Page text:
Ndung’u: Profiling Virus Neutralization in the KwaZulu-Natal FRESH Cohort
This grant will be used to enroll and longitudinally follow participants in the FRESH Program (Females Rising through Education Support and Health) based in KwaZulu-Natal, South Africa. In this program, women at high risk for HIV infection enter a socioeconomic empowerment curriculum that combines social good with basic science research into HIV acquisition and hyperacute infection. This investment will primarily be used to study virus sensitivity to broadly neutralizing antibodies (bNAbs) in the FRESH cohort. Efforts will focus on profiling recently identified transmitted/founder (T/F) and reservoir (lymph node)-derived viruses to identify the bNAb combinations likely to be most effective against circulating HIV-1 clade C viruses.
The specific goals of this investment are:
1) Enroll into the FRESH cohort and longitudinally follow approximately 300 women (aged 18-24) at risk for HIV infection. Perform HIV RNA testing twice per week to identify hyperacute HIV infection cases, who will immediately be started on antiretroviral therapy.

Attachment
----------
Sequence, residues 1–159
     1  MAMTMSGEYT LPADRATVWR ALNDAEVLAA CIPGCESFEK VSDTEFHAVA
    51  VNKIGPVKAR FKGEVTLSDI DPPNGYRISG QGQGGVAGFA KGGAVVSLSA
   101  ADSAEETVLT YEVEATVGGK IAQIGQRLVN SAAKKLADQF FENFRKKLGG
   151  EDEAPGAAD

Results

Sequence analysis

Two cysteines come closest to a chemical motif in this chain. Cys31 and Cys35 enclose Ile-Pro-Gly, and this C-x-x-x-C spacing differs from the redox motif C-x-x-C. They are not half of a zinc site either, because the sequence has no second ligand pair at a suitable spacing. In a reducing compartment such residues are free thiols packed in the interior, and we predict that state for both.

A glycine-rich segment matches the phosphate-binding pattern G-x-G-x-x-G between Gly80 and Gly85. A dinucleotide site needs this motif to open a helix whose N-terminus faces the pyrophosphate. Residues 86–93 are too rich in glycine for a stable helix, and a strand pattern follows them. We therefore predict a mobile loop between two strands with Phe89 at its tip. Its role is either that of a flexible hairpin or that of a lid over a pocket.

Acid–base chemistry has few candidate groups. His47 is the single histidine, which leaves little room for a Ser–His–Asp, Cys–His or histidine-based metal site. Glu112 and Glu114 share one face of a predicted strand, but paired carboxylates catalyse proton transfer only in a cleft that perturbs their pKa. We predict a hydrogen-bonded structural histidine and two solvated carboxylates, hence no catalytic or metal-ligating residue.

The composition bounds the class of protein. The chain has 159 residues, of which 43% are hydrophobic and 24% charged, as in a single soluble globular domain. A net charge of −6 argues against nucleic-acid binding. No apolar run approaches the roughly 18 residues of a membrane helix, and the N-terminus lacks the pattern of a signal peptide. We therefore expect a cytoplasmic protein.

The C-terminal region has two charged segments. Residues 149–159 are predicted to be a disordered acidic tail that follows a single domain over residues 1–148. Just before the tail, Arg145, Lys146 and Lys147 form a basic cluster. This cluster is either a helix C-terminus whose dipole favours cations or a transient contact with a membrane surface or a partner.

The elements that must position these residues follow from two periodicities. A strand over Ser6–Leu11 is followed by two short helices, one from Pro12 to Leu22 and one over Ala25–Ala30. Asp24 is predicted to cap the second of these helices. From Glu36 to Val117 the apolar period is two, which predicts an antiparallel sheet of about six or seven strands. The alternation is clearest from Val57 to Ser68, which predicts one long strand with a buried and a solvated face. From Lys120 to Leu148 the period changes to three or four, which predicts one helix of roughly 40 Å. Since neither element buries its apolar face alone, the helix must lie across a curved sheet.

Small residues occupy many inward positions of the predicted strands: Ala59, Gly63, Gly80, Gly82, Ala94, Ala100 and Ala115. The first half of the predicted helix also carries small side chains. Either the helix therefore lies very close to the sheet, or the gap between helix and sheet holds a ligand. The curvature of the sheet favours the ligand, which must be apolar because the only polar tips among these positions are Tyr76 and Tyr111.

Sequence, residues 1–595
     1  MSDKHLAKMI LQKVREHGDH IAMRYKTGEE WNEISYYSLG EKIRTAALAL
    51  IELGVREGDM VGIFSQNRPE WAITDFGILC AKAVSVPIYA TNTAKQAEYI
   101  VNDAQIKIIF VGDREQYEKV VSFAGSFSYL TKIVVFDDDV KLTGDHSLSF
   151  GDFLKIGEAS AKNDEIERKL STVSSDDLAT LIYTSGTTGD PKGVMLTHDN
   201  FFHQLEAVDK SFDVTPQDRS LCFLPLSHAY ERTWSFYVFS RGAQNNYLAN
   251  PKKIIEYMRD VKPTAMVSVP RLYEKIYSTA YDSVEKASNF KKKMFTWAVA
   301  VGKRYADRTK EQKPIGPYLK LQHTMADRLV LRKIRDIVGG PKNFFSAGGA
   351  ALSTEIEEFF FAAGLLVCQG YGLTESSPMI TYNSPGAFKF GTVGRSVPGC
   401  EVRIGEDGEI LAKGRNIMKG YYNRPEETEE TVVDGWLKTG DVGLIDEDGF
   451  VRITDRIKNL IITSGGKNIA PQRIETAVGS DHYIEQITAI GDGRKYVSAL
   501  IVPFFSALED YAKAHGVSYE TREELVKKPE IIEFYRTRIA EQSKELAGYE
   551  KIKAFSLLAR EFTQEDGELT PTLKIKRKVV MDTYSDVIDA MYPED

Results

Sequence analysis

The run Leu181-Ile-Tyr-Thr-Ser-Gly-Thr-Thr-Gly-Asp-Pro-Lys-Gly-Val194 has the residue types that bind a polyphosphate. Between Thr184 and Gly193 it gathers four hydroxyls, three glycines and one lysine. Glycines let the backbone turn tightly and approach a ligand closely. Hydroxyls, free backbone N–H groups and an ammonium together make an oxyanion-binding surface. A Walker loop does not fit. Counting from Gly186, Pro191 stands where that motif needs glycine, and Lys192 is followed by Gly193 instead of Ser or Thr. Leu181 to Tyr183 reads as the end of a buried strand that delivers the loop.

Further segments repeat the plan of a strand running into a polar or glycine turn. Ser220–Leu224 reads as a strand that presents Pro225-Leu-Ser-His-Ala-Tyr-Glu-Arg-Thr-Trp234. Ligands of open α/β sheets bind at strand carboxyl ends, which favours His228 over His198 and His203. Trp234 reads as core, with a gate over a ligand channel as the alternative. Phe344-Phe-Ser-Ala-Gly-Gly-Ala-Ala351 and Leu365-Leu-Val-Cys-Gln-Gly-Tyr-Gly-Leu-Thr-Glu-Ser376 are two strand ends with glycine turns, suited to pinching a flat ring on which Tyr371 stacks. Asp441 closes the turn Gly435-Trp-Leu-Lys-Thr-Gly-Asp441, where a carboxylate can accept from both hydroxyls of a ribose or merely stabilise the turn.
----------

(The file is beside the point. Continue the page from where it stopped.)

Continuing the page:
2) Determine the sensitivity of 77 T/F and 20 reservoir viruses to bNAbs targeting the 5 major known epitopes of the Env glycoprotein.
3) Identify combinations of bNAbs with great breadth and potency as candidate immunoprophylactic agents against contemporaneous circulating clade C viruses.
4) Determine the genotypic and neutralization properties of T/F viruses and reservoir viruses to identify how viral diversity impacts antibody recognition.
By identifying the best individual or combinations of bNAbs that can block T/F and reservoir (lymph node)- derived circulating HIV-1 subtype C, these studies aim to inform immunoprophylactic strategies in a highincidence setting.